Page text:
Mass Wasting - Research Article from World of Earth Science

This encyclopedia article consists of approximately 6 pages of information about Mass Wasting.
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Mass Wasting

Mass wasting, or mass movement, is the process that moves Earth materials down a slope, under the influence of gravity. Mass wasting processes range from violent landslides to imperceptibly slow creep. Mass wasting decreases the steepness of slopes, leaving them more stable. While ice formation or water infiltration in sediments or rocks may aid mass wasting, the driving force is gravity. All mass wasting is a product of one or more of the following mass wasting processes: flow, fall, slide, or slump.

The four processes of mass wasting are distinguished based on the nature of the movement that they produce. Flow involves the rapid downslope movement of a chaotic mass of material. Varying amounts of water may be involved. Amud flow, for example, contains a large amount of water and involves the movement of very fine-grained Earth materials. Fall involves very rapid downslope movement of...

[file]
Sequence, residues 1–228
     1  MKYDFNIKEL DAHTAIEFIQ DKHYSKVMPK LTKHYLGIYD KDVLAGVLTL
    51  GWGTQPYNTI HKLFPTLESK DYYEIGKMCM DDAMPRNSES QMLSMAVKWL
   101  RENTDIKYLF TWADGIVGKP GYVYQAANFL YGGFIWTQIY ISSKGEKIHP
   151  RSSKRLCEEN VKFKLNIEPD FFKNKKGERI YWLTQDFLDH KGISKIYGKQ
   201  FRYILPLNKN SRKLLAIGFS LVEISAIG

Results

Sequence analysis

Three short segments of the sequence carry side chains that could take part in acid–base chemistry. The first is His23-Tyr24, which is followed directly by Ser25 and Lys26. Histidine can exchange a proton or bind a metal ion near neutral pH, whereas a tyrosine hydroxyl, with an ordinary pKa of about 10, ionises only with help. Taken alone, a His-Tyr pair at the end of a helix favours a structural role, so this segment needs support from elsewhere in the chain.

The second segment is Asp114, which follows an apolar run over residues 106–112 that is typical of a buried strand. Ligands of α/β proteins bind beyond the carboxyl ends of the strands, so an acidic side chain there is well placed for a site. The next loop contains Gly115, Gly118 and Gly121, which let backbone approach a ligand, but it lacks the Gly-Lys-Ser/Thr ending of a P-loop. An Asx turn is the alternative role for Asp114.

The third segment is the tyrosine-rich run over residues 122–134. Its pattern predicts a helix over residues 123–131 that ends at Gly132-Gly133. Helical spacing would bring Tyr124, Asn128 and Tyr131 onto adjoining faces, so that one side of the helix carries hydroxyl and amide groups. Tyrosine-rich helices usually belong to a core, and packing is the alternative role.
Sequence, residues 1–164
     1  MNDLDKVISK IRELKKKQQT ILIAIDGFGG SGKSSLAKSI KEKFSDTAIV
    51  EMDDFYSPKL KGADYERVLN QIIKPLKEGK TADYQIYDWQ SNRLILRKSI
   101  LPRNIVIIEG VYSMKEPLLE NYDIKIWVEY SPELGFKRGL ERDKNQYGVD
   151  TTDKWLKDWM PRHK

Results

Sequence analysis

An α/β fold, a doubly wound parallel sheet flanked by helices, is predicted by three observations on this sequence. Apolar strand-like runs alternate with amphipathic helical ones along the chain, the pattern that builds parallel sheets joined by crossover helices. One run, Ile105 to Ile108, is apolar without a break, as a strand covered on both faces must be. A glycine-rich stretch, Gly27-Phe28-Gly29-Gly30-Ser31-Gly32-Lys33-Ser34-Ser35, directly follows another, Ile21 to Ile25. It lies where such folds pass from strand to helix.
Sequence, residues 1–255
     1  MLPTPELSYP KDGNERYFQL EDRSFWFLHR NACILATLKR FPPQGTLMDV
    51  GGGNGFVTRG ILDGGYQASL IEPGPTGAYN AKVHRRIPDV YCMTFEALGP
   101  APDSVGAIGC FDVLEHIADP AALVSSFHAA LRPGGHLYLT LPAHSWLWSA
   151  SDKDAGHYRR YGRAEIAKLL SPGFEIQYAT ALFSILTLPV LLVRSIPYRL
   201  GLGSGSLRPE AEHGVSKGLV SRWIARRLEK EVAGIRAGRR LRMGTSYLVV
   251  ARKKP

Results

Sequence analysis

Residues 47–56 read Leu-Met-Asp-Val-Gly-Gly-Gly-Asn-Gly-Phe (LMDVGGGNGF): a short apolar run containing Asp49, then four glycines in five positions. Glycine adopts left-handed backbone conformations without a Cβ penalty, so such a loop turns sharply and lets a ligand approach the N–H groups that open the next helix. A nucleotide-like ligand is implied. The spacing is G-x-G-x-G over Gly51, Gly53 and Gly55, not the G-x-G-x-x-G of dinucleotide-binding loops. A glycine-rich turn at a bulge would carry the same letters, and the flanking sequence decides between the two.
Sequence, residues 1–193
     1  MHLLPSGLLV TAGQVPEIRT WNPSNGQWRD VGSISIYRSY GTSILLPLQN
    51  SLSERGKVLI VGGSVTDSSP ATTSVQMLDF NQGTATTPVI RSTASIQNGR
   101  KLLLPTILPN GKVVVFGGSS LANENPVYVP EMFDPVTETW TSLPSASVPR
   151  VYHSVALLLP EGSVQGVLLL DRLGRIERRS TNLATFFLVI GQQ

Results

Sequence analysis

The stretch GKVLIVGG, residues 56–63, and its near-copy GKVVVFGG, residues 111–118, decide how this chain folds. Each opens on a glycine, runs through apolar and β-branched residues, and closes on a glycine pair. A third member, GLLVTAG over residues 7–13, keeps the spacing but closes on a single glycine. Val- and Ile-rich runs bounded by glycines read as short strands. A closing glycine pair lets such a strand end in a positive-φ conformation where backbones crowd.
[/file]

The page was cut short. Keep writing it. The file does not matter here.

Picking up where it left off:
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This section contains 1,642 words
(approx. 6 pages at 300 words per page)
Buy the Mass Wasting Encyclopedia Article
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Mass Wasting from World of Earth Science. ©2005-2006 Thomson Gale, a part of the Thomson Corporation. All rights reserved.
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